Because the rapture could happen at any time, we should examine the “signs” that some say are appearing that Christ will necessarily come soon rather than say 100 years from now. The biggest misunderstanding in relation to this idea is confusion between the 2nd coming of Christ after the Tribulation and the rapture which will occur before the tribulation. All the signs mentioned by Christ in Matt. 24 relate to events during the Tribulation which occur after the Rapture. These are signs for the 2nd coming of Christ. Another sign used to say that the rapture is very soon is the Great Apostasy (falling away) mentioned in 2 Thess. 2:1 which is said to come before the Day of Christ. However, since the Day of Christ is not the rapture but another name for the prophetic  Day of the Lord (Tribulation), the apostasy and the revelation of the “man of sin” will occur right before the Tribulation. So this is a sign for the start of the Tribulation not the rapture. It is also unfair to apply the apostasy of the American church to the entire world. Some countries are experiencing great revival. Another "sign" some use to say the rapture is coming soon is the return of the Jews to their land. However it is the antichrist who will create peace with Israel for 3½ and provide for their safety. The Jews return to their land may relate to this peace treaty but then again it may not since the antichrist could easily provide for their return at a later date. All the passages speaking of the gathering of the Jews to their land refer to their gathering after the Tribulation just before the kingdom. Some refer to the rapid rise of technology and information as a fulfillment of Daniel 12:4. However, not only does this refer to the Tribulation not the time before the rapture, but the phrase “many shall run to and fro and knowledge shall be increased” most likely refers to knowledge about the revelation Daniel has just received. Some point to the "perilous times" or wickedness of the "last days" as a sign that Christ will return soon (2 Tim. 3:1; 2 Peter 3:3). However, the writer of Hebrews refers to his time period as the "last days" (Heb. 1:2). Paul also refers to his time period as that which could expect the end of the world (1 Cor. 10:11). Likely, Paul and others understood the entire church age as the "last days" or the end times. Therefore, we should not reference today's scoffers and perilous times as something new or an indication that Christ must be returning very soon. While other signs may be used to argue for a soon rapture, we must still remember that it is imminent and could happen at any time. Which means that no signs will warn of its coming.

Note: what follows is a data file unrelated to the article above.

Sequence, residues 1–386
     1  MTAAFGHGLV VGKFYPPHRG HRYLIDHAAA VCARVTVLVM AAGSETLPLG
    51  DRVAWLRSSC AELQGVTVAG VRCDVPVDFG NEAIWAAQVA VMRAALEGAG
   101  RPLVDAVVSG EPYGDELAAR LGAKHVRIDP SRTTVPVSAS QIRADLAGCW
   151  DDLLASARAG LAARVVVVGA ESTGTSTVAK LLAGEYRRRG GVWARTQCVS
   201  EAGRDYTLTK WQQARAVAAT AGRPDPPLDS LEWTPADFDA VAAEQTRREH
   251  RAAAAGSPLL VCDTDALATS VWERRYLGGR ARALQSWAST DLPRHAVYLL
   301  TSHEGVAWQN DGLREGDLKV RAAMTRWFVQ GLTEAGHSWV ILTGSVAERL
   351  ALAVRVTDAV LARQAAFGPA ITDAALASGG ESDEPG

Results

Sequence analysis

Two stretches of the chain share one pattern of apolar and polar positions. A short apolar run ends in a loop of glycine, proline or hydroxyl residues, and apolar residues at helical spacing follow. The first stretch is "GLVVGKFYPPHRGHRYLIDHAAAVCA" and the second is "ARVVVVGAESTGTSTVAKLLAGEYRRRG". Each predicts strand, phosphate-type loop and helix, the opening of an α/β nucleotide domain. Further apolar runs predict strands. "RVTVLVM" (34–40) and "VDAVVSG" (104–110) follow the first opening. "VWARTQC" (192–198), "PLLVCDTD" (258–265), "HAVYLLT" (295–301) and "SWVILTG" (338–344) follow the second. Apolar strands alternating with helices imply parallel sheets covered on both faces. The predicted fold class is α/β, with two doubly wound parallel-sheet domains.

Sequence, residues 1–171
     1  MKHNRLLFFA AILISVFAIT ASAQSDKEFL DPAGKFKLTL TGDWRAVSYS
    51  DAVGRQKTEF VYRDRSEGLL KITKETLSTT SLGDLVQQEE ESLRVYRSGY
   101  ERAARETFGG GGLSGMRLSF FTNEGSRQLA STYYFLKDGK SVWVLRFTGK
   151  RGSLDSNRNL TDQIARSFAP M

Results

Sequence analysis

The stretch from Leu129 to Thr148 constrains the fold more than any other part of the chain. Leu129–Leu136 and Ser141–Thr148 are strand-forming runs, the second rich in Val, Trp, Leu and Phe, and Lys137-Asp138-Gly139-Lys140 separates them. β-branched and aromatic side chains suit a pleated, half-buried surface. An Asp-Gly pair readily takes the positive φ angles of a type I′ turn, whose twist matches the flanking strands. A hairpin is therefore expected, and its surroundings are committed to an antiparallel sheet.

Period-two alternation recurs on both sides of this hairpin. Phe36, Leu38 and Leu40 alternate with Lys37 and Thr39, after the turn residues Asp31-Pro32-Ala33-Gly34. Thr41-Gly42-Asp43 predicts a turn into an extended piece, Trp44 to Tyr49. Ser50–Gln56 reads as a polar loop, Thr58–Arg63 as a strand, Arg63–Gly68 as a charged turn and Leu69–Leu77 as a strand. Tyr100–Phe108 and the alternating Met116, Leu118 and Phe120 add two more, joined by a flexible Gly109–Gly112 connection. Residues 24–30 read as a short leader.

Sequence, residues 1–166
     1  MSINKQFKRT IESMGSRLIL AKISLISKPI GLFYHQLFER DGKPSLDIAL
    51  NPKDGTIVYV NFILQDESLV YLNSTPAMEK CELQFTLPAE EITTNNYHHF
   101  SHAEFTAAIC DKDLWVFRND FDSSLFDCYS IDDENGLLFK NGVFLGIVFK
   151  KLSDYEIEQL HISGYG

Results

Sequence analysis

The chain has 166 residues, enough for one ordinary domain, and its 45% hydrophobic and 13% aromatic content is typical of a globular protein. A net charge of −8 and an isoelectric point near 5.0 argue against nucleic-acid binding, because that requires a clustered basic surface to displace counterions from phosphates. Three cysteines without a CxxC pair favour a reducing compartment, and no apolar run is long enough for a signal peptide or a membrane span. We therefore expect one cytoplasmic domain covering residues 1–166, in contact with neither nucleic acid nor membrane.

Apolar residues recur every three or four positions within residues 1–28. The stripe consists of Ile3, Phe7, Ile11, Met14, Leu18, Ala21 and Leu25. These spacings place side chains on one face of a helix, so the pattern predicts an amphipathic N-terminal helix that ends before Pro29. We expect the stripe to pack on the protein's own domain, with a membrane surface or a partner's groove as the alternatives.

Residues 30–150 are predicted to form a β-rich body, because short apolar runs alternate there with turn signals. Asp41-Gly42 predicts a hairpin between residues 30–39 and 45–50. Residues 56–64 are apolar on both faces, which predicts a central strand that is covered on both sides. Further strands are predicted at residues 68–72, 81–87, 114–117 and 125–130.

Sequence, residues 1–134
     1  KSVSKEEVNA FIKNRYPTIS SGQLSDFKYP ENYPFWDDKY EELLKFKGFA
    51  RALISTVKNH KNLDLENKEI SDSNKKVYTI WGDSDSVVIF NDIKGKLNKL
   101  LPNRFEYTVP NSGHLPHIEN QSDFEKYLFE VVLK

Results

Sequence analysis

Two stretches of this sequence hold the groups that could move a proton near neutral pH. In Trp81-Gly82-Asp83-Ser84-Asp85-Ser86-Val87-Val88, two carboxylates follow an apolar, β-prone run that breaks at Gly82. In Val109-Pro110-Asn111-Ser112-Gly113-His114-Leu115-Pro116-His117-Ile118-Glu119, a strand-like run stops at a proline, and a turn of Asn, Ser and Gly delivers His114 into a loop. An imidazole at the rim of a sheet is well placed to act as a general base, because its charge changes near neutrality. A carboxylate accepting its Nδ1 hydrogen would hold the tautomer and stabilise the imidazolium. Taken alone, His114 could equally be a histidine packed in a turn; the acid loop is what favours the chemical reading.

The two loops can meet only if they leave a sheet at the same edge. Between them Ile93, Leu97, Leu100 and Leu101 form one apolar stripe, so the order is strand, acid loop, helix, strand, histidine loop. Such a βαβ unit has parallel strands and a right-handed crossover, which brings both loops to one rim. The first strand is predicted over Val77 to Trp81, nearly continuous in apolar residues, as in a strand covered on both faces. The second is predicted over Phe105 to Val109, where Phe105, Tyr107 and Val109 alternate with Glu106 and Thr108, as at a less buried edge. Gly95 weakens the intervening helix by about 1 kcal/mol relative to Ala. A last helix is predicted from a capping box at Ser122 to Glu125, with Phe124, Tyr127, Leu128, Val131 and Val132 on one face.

So why bother harping on this minor distinction in relation to the rapture? Well, I’ve grown up in a generation that has rejected God. This causes many conservatives to throw up their hands and wish for the end. But I don’t believe this is biblical or healthy. The imminency of the rapture is not supposed to be a copout but instead an encouragement. The mindset that the rapture must happen soon because of how bad it is getting, turns us toward an isolationist mentality. We begin to think that all we can do is save our own kids by isolating them from the world and then we will just let the world crash and burn because we're getting out. However, Christ said “occupy till I come” (Luke 19:13), be salt and light in the world you live in. This word “occupy” doesn’t mean occupy space! It means “to carry on business.” Essentially, God didn't tell us when the rapture will be because He doesn't want us watching the clock and neglecting our duty. The truth that Christ could return at any moment should motivate us to pray harder, work harder, and strive to know God better, not make us throw up our hands and give up on this country.  Christ told us that he ordained us to produce abundant fruit that remains  the more we abide in Him, and submit to the Father's pruning in answer to prayer (John 15:16). He didn't exclude this generation from that promise, so we can produce abundant fruit right here right now. Instead of complaining about how bad America is getting, we should pray more and expect God to work according to His promises instead of being a source of discouragement to others. It may be interesting to think about how current events could be used by Satan to set up the for the antichrist, but the truth is Satan doesn't know when the rapture is either. Lets "do business" till Christ comes and not accept defeat.